Ted Hallock: a champion for Oregon

Russell Sadler

State Sen. Ted Hallock was as devoted to his constituents as many contemporary legislators are devoted to their campaign contributors. Hallock had a practice of introducing any legislation that any constituent wanted no matter how off-the-wall the idea seemed.

If Hallock didn’t agree with the bill, he would come to committee and testify against it. But the voices of ordinary Oregonians were heard under the Capitol dome, if only briefly.

Hallock, who served 20 years in the Oregon Legislature from 1963-1983, was known for his fiery passions, but he was also a pragmatist who knew when to make a deal. His energy and work ethic were legendary.

Together with Gov. Tom McCall and a Senate colleague, Sen. Hector Macpherson, a Linn County dairy farmer, Hallock played a key role in passing Senate Bill 100, Oregon’s landmark land use legislation, in 1973.

In the late 1960s, Oregonians were living with the consequences of the post-World War II housing boom and its uncontrolled sprawl. The Willamette River and its tributaries were as polluted from untreated municipal sewage as pulp mill and other industrial waste.

Subdivisions were built on farm land with septic tanks which polluted the ground water. Farmers were forced off the land because subdivision residents did not want to live downwind of cattle and dairy farms.

Recreational subdivisions in Central Oregon threatened grazing land. and provided no sewage treatment. Condominiums built on the coast threatened privately owned timberlands and access to publicly owned beaches.

With McCall attacking “sagebrush subdivisions” and “coastal condo-mania” and building public support for legislation, Macpherson and Hallock took on the job turning public support into votes for Senate Bill 100.

It almost didn’t happen.

As the 1973 session prepared to adjourn, the conference committee on Senate Bill 100 struggled to reach a compromise that could pass both houses.

Hallock, determined to produce some land-use legislation that session, locked all the factions in a hearing room and refused to let them leave until they reached an agreement.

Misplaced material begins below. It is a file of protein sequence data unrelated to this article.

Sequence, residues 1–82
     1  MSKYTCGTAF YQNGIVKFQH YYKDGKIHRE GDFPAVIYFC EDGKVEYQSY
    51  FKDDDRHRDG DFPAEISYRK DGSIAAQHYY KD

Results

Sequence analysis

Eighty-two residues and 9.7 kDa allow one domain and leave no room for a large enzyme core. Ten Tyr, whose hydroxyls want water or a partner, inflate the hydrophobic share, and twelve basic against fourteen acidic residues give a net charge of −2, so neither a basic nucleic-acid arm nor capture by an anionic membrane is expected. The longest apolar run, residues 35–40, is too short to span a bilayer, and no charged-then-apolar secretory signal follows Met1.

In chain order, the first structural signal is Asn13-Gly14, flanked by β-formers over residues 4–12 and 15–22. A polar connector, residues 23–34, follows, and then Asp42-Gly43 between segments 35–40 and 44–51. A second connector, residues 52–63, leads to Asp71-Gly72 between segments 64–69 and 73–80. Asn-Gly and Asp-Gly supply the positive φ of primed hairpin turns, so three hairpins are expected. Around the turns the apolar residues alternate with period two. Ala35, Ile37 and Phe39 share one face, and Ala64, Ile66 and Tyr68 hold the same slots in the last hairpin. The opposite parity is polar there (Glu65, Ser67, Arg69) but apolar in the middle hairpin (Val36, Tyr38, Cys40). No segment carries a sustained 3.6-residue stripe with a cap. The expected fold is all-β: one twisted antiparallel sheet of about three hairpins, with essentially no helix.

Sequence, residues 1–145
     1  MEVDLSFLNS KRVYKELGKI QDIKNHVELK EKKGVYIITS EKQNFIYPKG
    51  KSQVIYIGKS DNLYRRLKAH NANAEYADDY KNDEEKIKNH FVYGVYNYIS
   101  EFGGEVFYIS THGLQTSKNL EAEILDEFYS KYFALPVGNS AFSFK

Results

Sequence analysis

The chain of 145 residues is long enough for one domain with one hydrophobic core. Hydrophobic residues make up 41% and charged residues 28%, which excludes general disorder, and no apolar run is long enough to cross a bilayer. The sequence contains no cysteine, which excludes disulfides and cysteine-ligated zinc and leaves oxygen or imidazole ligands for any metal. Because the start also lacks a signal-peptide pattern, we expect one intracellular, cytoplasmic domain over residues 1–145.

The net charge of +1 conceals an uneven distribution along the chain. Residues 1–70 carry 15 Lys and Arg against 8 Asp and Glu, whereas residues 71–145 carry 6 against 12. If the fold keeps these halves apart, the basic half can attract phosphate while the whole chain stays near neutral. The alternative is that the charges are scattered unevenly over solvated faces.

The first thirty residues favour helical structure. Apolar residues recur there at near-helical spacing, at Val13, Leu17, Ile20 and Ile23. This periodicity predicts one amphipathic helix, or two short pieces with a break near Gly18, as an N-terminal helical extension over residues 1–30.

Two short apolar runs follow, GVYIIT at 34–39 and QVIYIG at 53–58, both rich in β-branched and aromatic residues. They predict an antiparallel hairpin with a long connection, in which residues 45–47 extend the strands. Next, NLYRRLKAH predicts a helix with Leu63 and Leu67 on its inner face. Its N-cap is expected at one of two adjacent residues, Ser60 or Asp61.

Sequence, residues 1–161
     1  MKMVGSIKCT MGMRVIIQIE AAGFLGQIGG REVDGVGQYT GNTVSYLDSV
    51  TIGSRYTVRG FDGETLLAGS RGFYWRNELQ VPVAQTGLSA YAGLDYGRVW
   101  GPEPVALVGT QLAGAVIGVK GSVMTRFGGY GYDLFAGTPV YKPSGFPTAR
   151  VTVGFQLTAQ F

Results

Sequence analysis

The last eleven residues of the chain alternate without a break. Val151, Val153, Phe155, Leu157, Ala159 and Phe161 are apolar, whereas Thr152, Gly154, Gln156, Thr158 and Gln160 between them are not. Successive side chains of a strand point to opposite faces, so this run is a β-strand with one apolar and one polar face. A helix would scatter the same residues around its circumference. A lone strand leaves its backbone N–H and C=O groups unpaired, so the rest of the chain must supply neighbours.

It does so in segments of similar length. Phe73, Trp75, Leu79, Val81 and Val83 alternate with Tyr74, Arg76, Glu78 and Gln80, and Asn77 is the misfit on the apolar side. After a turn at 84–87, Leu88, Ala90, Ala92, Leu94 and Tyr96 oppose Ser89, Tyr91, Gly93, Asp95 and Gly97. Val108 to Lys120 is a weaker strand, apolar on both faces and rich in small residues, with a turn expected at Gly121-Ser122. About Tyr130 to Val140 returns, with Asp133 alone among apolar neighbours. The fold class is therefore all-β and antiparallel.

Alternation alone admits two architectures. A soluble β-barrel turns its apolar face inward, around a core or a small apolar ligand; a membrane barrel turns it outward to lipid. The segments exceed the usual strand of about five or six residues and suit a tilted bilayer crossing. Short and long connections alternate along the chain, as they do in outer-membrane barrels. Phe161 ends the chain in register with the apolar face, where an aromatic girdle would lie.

It took nearly 24 hours.

In the end an unlikely coalition of urban and downstate rural lawmakers reached a compromise.

Rural lawmakers liked the idea of protecting farm and forest land from incompatible development.

Urban liberals and suburban and rural conservatives agreed to urban growth boundaries that required high density development inside where existing cities could provide water and sewer service at the least expense.

A provision to compensate landowners for the financial consequences of downzoning was dropped after the real estate lobby refused to agree to a real estate transfer tax to raise the cash to pay the compensation. The compromise was a system of reduced assessments and reduced property taxes for the affected landowners.

The bill passed -- largely due to Hallock’s persuasion and pragmatism. And it has achieved it purpose, despite the claims of recent revisionists.

Despite the development around Salem, Marion County remains Oregon’s number one county is agricultural production revenues -- nursery stock. Umatilla County is number two or three depending on the price of wheat. Six of Oregon’s top 10 agricultural producing counties remain in the Willamette Valley because farm and forest land has been protected from incompatible development just as Hallock predicted.

Hallock did not live to see the effects of Measure 37 on Oregon’s land use. But he certainly set the stage for the discussion the Legislature will have on the business Hallock could not finish in 1973.

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